, Volume 108, Issue 6, pp 573-583

Variation in Pathogenicity Associated with the Genetic Diversity of Fusarium graminearum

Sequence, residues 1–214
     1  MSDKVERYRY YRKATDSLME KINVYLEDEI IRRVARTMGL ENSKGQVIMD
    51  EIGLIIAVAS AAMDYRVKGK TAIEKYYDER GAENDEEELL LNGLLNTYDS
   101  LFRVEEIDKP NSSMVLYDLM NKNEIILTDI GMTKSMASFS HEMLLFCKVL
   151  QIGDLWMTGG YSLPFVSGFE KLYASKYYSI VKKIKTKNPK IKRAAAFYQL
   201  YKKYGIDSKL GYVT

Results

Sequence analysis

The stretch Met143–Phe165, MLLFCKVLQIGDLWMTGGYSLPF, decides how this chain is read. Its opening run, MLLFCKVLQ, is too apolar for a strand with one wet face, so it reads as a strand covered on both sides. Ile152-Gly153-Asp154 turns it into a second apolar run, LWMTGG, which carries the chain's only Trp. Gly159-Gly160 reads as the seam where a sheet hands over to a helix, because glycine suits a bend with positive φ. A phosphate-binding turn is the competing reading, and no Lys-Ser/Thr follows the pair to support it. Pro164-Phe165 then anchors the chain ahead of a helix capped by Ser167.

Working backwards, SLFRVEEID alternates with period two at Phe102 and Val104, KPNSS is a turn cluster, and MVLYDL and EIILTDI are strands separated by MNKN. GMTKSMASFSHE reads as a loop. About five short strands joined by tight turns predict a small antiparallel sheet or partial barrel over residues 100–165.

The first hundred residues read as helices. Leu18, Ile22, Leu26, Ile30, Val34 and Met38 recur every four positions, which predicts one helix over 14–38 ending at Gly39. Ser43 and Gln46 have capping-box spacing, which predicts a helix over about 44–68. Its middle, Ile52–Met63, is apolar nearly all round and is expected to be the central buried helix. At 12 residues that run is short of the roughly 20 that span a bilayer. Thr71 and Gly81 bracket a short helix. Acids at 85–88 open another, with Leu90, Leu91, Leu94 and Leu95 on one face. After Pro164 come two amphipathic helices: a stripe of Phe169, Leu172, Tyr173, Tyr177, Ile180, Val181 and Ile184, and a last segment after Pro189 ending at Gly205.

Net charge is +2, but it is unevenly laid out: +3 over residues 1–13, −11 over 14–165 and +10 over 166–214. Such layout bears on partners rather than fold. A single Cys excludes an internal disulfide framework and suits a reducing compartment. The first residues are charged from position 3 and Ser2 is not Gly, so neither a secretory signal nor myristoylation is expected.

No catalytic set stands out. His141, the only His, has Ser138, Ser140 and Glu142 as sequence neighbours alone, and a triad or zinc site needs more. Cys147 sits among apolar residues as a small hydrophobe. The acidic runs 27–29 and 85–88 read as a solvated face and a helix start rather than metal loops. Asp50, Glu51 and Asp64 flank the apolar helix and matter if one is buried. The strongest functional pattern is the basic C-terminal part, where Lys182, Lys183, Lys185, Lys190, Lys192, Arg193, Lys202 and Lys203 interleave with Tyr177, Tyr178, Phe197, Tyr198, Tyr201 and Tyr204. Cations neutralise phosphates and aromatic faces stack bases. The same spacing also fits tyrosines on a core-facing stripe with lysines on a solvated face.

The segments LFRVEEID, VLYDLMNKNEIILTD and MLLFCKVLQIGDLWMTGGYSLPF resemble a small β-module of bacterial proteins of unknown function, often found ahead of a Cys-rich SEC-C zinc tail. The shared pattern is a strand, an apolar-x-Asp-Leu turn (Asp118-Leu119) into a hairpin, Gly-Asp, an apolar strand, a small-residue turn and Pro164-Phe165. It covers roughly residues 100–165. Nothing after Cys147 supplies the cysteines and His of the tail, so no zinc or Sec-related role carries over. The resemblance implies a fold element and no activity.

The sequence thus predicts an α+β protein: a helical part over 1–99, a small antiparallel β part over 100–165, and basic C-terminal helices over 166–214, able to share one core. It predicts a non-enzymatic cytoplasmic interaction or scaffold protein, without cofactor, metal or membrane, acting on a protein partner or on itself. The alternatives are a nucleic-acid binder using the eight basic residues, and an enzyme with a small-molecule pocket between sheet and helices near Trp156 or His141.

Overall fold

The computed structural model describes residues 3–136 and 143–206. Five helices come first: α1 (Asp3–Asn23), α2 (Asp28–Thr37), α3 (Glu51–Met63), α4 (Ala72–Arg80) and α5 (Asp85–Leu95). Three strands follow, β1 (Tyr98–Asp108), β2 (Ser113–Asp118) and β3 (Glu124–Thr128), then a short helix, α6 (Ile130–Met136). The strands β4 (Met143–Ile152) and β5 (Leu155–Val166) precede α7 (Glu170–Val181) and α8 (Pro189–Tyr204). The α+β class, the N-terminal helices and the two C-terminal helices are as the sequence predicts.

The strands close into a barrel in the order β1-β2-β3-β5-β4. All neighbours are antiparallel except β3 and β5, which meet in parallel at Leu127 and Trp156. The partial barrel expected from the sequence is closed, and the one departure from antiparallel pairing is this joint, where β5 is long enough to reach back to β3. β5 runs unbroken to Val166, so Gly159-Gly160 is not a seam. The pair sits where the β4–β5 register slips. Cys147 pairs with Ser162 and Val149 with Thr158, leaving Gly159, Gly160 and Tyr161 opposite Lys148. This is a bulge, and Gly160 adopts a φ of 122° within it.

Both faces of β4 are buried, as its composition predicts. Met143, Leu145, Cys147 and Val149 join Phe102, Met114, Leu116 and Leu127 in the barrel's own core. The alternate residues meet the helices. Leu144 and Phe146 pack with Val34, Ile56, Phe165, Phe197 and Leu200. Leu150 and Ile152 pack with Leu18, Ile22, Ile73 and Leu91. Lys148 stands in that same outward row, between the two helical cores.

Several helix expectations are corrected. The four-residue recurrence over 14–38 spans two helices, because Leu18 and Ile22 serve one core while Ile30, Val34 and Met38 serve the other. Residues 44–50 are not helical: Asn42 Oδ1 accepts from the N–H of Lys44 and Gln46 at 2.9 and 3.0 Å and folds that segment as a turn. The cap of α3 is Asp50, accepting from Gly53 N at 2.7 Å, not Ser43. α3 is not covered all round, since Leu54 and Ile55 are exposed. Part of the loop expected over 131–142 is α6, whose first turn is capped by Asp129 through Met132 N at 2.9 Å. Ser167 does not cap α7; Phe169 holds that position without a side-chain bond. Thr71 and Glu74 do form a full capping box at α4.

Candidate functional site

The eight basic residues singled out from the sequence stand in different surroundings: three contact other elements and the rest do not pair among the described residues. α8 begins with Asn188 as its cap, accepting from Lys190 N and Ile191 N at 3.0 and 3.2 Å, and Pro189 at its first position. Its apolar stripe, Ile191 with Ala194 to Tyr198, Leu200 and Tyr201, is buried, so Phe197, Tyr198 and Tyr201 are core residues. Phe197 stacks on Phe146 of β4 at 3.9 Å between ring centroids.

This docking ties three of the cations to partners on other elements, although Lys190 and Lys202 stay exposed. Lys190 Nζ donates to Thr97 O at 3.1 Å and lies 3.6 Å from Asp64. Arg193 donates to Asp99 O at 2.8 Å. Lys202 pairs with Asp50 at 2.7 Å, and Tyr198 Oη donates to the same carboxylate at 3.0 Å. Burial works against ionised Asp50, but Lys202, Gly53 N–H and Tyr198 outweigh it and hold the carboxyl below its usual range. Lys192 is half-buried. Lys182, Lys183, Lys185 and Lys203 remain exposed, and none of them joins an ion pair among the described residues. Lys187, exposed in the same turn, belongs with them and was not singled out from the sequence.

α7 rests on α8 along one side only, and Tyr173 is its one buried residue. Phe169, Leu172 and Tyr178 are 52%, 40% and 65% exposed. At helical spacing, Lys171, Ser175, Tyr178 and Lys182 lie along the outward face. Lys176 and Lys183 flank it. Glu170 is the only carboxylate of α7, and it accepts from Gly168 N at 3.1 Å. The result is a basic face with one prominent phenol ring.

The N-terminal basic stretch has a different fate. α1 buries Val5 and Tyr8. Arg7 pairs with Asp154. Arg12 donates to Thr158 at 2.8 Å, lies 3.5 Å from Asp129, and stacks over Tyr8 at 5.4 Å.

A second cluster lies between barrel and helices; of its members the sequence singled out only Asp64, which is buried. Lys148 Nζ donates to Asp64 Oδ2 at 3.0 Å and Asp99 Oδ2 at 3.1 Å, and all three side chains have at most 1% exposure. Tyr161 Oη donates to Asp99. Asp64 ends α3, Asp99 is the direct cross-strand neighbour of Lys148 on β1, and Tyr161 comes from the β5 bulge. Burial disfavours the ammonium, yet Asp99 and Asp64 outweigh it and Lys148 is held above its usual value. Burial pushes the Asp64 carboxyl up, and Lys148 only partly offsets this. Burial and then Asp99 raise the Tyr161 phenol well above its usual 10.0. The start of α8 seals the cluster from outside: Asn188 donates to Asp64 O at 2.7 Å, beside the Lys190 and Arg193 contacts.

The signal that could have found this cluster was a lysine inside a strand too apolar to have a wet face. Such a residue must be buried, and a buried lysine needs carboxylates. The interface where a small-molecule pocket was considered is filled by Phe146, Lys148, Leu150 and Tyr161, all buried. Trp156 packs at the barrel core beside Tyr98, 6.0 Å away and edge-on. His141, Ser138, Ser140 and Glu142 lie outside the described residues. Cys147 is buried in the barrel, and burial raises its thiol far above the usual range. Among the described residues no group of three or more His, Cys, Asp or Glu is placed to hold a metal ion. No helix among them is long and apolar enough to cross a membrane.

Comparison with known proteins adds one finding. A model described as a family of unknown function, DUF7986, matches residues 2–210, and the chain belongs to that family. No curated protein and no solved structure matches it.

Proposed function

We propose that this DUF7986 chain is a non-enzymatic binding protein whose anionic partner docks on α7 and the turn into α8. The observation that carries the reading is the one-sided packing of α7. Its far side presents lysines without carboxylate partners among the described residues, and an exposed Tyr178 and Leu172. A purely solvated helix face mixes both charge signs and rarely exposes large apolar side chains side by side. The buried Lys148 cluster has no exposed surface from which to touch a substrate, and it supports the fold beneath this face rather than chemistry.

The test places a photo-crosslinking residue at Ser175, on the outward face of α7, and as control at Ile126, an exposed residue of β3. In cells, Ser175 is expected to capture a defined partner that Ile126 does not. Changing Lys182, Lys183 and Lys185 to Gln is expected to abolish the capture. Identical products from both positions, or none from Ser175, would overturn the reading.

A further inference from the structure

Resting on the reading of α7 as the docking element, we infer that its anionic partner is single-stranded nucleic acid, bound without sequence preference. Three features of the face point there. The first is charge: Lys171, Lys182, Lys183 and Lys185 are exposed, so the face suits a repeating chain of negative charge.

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We screened 188 isolates of Fusarium graminearum, which originated from northwest Europe, the USA and Nepal, for genetic diversity using a sequence-characterised amplified region polymorphism (SCAR). On the basis of this analysis, 42 of the 118 isolates were selected for random amplified polymorphic DNA (RAPD) analysis. Three groups were identified, two of which, A and B, contained the isolates from Nepal, and a third, group C, contained the isolates from Europe and the USA. In pathogenicity tests on wheat and maize seedlings, group C isolates were more pathogenic than the group A and B isolates. The isolates were assigned chemotypes based on their ability to produce the trichothecene mycotoxins nivalenol (NIV) and deoxynivalenol (DON). Isolates from group A were equally likely to produce NIV or DON while group B isolates produced predominantly NIV, and group C isolates produced predominantly DON. Within group A, isolates of the two chemotypes were equally pathogenic to wheat but isolates with the NIV chemotype were significantly more pathogenic to maize. The results confirm that distinct genetic groups exist within F. graminearum and demonstrate that these groups have different biological properties, especially with respect to their pathogenicity to two of the most economically important hosts of this pathogen.